So let me say first off, their enthusiasm is AWESOME. I do recognize that it is anything BUT “blind fandom” for a major name brand, and I think it’s very cool to anticipate something with happiness and then revel in the satisfaction of its arrival. And the iPhone itself IS awesome. It is truly the coolest little gadget I’ve ever seen, and it is more than lifestyle-improving for its owners; it is going to change the way we use cellphones—and think about how much we use cellphones. That’s huge. One day not long from now, every one of us will have either (a) an iPhone, or at least (b) a MUCH BETTER cell-phone from another company, the inspiration for which we can thank Apple for. (I mean, do YOU like your cell-phone? Really? It’s annoying, right? Imagine holding one that’s PERFECT instead.) This is a far-reaching technological evolution happening in front of our eyes. And I recognize that, and I do not think any iPhone passion misplaced. So I hope my friends will not take it the wrong way if I indulge in a little teasing about things like, “The ladies room is out of toilet paper; can you push the button on your iPhone that spits out a roll?” and “Can I get a piece of iGum? I’ve got Ranch-dressing taste in my mouth.”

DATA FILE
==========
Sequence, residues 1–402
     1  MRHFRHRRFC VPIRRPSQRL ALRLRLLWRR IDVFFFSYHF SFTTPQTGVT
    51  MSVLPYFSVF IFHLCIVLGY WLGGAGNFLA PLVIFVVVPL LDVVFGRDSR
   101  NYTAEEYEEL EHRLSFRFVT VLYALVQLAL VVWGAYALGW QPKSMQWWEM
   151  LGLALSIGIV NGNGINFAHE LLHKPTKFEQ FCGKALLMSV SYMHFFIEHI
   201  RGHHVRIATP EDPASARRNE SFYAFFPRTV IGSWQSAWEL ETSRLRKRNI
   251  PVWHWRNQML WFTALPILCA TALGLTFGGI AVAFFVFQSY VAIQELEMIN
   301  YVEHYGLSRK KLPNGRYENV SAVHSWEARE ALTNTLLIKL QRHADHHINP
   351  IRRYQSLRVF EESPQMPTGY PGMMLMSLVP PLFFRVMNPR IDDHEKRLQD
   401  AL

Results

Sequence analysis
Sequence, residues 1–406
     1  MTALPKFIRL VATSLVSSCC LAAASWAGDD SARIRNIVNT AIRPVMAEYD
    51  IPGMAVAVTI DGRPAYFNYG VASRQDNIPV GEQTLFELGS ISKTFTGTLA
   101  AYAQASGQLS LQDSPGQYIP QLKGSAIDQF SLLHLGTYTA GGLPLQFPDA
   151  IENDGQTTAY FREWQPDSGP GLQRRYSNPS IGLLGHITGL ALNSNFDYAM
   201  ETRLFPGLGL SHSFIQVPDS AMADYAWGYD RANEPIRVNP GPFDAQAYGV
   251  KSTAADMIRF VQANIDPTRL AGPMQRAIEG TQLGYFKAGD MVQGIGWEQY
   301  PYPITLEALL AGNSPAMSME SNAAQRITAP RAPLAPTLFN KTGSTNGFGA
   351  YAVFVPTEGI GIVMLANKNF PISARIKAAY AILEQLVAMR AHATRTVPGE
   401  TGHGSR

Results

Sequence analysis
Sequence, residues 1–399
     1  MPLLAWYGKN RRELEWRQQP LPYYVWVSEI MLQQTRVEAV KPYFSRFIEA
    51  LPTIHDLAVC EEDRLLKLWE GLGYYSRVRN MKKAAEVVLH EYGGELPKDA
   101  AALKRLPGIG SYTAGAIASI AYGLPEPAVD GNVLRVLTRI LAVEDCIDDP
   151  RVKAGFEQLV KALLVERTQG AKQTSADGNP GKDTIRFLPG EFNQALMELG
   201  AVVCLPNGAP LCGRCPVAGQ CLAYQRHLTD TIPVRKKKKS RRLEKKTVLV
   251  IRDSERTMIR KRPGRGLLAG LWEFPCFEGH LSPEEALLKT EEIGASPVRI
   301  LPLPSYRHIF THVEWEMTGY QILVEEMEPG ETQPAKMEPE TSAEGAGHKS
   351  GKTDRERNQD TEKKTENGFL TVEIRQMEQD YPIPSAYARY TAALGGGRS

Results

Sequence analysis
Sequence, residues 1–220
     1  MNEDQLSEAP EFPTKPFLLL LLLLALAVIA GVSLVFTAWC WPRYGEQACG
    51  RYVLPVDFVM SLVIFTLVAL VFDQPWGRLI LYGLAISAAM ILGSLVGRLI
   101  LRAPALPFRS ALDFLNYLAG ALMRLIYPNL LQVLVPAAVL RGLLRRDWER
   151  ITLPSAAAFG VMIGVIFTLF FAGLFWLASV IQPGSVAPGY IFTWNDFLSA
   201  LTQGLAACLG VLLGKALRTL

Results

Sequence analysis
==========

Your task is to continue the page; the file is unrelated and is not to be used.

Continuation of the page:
Here are the reasons I don’t want an iPhone right now:

1] It’s more expensive than other phones
2] I tend to wash phones in the laundry (see 1)
3] I like to chuck my phone in my purse, my backpack (say, under some books and a computer), and in the backseat of my car (see 1)
4] I already have a phone, an iPod, a camera, and a computer, and I’m not quite at the point yet where I wish a lot of the time that they were one device. Soon.
5] I sometimes lose my phone for days at a time (see 1)
6] I like to let my nieces play with my phone (see 1; review it again)
7] I can enjoy the benefits of Stevel’s iPhone as a secondary user for now and be satisfied

I’m told the iPhone is very durable, anything but “precious.” So at some point I will get past all of this and go for it. Just not yet.